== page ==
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Efren Marin
Efren Marin

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Learning to Fail

I don’t usually post on here because I tend to be a somewhat private person but I feel like this might benefit others in the same boat as me. Like many others in the job market, I have had my fair share of rejection emails and non-responsive recruiters. I understand though, with the sudden influx of experienced developers in the market due to the pandemic, being a junior developer trying to break in is harder than ever.

Like many of my Junior Developer peers, I too learn, study, implement, and repeat all things Frontend. While there is a plethora of topics and skills that are needed for a Frontend Developer job, there will always be something that you might not be able to cover.

This brings me to my most recent experience.

I’ve had interviews and take home challenges before, which I feel like I get better every time I do one. I am fairly confident in my skills as a Junior Developer and can, for the most part, hold my own if given the time. With my most recent interview, I studied everything in the job description and then recreated some of their work for my own knowledge and practice. I felt confident and was excited at the opportunity.

The first 3 interviews went well, in my opinion. When I got to the technical portion, I was pumped! Then came the brain fog and I completely blanked. Using an online IDE (Codepen) when I’ve been frankly coddled with VSCode and their autofill, was not helping my brain fog. The lack of autocomplete and formatting threw me off. Then feeling self-conscious about the Senior Developer watching did not help. Long story short, I fell short of showing what my skills could do.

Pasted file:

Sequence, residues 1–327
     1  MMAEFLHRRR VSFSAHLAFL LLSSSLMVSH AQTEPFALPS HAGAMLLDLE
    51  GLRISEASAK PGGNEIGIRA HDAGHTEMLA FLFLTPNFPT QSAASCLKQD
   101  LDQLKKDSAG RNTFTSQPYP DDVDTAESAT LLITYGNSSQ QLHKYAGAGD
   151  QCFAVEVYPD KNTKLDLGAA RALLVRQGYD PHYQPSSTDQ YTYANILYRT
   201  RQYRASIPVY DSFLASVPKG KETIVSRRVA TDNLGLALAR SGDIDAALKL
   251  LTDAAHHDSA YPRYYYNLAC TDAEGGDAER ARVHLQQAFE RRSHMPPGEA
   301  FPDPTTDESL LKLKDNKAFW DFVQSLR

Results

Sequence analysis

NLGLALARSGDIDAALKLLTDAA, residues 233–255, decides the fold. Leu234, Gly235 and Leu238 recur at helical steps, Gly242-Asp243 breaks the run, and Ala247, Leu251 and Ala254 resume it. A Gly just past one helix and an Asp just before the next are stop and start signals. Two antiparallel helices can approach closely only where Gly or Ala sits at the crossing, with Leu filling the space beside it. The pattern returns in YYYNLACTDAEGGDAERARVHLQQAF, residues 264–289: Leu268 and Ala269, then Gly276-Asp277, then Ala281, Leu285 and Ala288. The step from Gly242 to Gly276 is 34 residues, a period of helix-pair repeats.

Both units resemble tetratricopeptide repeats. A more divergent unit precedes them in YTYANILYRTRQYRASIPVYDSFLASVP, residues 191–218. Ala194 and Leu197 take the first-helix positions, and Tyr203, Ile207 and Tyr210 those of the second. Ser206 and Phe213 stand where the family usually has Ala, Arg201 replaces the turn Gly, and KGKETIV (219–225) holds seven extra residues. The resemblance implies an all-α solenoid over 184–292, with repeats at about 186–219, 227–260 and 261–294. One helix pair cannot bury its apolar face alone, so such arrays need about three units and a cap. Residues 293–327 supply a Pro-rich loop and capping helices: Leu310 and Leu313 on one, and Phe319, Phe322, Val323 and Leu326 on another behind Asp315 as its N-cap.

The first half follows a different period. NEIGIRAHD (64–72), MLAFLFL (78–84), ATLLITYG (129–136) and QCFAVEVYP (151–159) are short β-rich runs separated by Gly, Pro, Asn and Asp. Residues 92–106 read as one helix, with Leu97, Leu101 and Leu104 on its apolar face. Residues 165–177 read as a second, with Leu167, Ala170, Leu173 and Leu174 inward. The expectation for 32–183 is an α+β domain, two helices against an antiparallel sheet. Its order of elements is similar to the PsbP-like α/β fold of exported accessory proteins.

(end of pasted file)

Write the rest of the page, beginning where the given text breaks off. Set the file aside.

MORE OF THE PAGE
I knew I could do the challenge. I knew I could knock it out of the park. What I didn’t know was how ill-prepared I was to do this in two scenarios. One, being timed, and two, using an unassisted IDE. I felt as though I let myself down.

It came as no surprise that I received the all too familiar email, thanking me for my time but ultimately passing on me as a candidate. That heavy feeling at the pit of your stomach and thoughts of whether you’re cut out to be a developer or not.

After some time to reflect on the experience, I decided that I am not going to take this as a loss but rather as another way to improve my learning process. Sharpening my skills by getting to know more of the exact syntax without the help of VSCode extensions. Becoming a faster developer using small timed challenges. Finally, taking the time to peer program more to get over any anxiety I may feel when coding with others.

So if you’re in the same position as me, don’t let a rejection get you down. Take every interview as a way to hone your skills and sharpen your tools. We are in the industry of showing me not telling me, so being able to code out your solutions in front of others is a skill that we need to build up on top of our technical skills.

Keep your head high, stay positive and always remember:

“Where there is no struggle, there is no strength.” -Oprah Winfrey

Top comments (1)

juanfrank77 profile image
Juan F Gonzalez

You know, I really enjoyed reading this post. It reminded me some years ago where I was applying for entry level jobs and got the "you have an interesting profile but unfortunately the opening we have don't match the skills you have so thanks for your time" kind of response.

And that last thing you said is very true. We gotta get more used to learning how to fail but fail forward.